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Ocean-driven heating of Europa’s icy shell at low latitudes


The ice shell of Jupiter’s moon Europa is marked by regions of disrupted ice known as chaos terrains that cover up to 40% of the satellite’s surface, most commonly occurring within 40° of the equator1. Concurrence with salt deposits2 implies a coupling between the geologically active ice shell and the underlying liquid water ocean at lower latitudes. Europa’s ocean dynamics have been assumed to adopt a two-dimensional pattern3,4,5,6,7,8, which channels the moon’s internal heat to higher latitudes. Here we present a numerical model of thermal convection in a thin, rotating spherical shell where small-scale convection instead adopts a three-dimensional structure and is more vigorous at lower latitudes. Global-scale currents are organized into three zonal jets and two equatorial Hadley-like circulation cells. We find that these convective motions transmit Europa’s internal heat towards the surface most effectively in equatorial regions, where they can directly influence the thermo-compositional state and structure of the ice shell. We suggest that such heterogeneous heating promotes the formation of chaos features through increased melting of the ice shell and subsequent deposition of marine ice at low latitudes. We conclude that Europa’s ocean dynamics can modulate the exchange of heat and materials between the surface and interior and explain the observed distribution of chaos terrains.

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Figure 1: Convective flow structures, zonal flows and temperature fields in planetary convection models.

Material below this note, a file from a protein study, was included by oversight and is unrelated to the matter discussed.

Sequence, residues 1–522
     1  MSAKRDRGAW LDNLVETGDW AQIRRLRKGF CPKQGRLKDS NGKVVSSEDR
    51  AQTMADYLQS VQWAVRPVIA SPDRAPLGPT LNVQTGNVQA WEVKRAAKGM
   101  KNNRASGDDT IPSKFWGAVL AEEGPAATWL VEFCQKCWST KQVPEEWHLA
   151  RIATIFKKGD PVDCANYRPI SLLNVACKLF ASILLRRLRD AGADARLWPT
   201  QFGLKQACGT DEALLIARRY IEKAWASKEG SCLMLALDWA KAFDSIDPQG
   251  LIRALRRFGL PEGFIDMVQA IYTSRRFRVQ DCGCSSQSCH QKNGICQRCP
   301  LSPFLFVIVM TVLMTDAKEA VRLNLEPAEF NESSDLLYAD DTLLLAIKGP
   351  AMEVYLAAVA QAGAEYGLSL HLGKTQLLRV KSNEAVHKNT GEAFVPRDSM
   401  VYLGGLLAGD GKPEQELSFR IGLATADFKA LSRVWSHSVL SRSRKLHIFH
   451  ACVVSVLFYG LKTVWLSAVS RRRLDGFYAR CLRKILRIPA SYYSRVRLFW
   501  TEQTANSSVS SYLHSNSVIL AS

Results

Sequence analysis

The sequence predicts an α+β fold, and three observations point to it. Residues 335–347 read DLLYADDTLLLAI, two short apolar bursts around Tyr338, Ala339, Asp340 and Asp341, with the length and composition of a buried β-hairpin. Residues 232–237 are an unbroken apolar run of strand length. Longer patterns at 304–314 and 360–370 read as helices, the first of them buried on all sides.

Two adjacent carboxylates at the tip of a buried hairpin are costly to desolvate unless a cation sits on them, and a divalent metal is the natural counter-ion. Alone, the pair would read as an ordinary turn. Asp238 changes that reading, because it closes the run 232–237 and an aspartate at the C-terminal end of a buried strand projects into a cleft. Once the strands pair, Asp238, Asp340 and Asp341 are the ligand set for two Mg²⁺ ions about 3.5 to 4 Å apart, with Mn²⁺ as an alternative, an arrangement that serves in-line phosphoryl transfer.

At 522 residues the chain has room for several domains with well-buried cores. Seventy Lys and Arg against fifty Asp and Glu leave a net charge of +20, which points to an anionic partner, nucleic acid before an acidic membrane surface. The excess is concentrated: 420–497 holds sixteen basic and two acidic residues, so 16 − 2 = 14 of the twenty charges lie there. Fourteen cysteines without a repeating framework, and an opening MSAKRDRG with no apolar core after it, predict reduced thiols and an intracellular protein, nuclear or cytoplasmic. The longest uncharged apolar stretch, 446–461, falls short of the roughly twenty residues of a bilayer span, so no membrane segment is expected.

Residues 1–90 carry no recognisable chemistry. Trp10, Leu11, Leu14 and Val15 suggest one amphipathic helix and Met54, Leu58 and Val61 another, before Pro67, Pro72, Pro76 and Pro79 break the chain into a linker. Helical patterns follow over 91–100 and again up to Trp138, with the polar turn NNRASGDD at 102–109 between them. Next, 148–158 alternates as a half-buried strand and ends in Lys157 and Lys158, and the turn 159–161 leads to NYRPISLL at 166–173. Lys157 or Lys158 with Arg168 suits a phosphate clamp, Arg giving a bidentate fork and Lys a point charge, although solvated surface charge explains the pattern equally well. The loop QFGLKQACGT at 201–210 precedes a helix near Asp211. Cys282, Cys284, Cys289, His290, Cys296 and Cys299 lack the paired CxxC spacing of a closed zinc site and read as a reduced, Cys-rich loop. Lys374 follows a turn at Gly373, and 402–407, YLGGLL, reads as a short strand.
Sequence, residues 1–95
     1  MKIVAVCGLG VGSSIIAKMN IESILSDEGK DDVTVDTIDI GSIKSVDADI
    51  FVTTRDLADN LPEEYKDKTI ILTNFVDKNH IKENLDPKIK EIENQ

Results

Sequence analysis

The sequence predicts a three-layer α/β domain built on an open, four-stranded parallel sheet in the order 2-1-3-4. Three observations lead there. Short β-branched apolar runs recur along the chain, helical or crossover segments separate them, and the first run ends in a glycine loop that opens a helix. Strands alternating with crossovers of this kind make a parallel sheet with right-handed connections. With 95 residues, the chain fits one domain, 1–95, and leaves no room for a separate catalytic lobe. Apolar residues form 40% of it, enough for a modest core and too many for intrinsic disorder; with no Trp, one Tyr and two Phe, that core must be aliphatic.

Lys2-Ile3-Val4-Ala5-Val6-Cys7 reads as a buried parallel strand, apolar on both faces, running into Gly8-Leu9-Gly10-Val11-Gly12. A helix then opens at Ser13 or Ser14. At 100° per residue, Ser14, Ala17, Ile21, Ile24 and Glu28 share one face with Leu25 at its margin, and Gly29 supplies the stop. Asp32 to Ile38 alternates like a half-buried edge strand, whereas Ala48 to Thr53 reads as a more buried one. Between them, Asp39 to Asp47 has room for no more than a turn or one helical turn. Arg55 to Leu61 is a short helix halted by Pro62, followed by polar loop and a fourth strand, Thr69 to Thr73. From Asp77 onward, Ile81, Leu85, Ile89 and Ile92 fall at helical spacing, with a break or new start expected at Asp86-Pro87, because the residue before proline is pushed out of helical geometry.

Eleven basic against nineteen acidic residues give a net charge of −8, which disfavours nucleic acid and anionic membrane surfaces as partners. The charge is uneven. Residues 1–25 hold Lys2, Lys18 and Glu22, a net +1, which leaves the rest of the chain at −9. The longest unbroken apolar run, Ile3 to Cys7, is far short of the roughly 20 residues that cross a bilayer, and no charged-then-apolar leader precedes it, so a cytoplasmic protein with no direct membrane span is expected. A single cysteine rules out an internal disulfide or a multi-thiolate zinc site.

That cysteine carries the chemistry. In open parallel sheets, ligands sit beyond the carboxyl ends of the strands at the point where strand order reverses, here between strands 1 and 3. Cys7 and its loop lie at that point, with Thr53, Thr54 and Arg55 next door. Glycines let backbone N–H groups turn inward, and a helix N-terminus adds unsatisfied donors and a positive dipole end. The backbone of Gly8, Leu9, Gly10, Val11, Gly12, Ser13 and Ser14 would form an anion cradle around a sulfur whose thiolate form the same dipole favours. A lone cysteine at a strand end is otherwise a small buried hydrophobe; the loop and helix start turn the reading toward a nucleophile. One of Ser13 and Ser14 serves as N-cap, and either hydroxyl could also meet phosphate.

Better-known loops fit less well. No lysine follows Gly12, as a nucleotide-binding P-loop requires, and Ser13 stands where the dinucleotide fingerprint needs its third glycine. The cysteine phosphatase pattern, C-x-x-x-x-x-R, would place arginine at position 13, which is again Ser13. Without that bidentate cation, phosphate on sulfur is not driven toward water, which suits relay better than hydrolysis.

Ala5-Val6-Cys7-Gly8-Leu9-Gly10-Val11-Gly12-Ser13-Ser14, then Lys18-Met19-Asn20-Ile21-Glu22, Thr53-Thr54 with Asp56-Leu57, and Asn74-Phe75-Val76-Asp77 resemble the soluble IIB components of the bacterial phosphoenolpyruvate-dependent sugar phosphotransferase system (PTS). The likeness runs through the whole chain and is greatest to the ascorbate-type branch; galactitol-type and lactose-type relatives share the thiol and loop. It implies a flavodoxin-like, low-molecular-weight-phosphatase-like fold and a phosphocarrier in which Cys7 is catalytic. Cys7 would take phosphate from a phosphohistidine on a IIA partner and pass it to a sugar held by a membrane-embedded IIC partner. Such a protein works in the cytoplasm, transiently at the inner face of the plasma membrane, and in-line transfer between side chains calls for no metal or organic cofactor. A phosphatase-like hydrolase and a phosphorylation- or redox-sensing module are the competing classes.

Figure 2: Radial velocity, meridional circulations and zonal flows in our Europa-like ocean model.
Figure 3: Simulated ocean temperature distributions.
Figure 4: Pattern of radial heat transfer.

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This work was supported by the Institute for Geophysics of the Jackson School of Geosciences at The University of Texas at Austin (UTIG). Computational resources were provided by the NASA High-End Computing (HEC) Program through the NASA Advanced Supercomputing (NAS) Division at Ames Research Center. We thank M. Heimpel for providing the jovian-like model data in Fig. 1, T. Doggett for providing the geologic map of Europa in Supplementary Fig. 1, and J. Aurnou for providing Supplementary Fig. 2. This is UTIG contribution 2637.

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K.M.S. and B.E.S. conceived of this project and wrote the paper. K.M.S. did all calculations and carried out the simulation. J.W. provided the numerical model and contributed to the convective regime transition arguments. D.D.B. contributed to the terrestrial analogue arguments. All authors discussed the results and commented on the manuscript.

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Correspondence to K. M. Soderlund.

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The authors declare no competing financial interests.

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Soderlund, K., Schmidt, B., Wicht, J. et al. Ocean-driven heating of Europa’s icy shell at low latitudes. Nature Geosci 7, 16–19 (2014).

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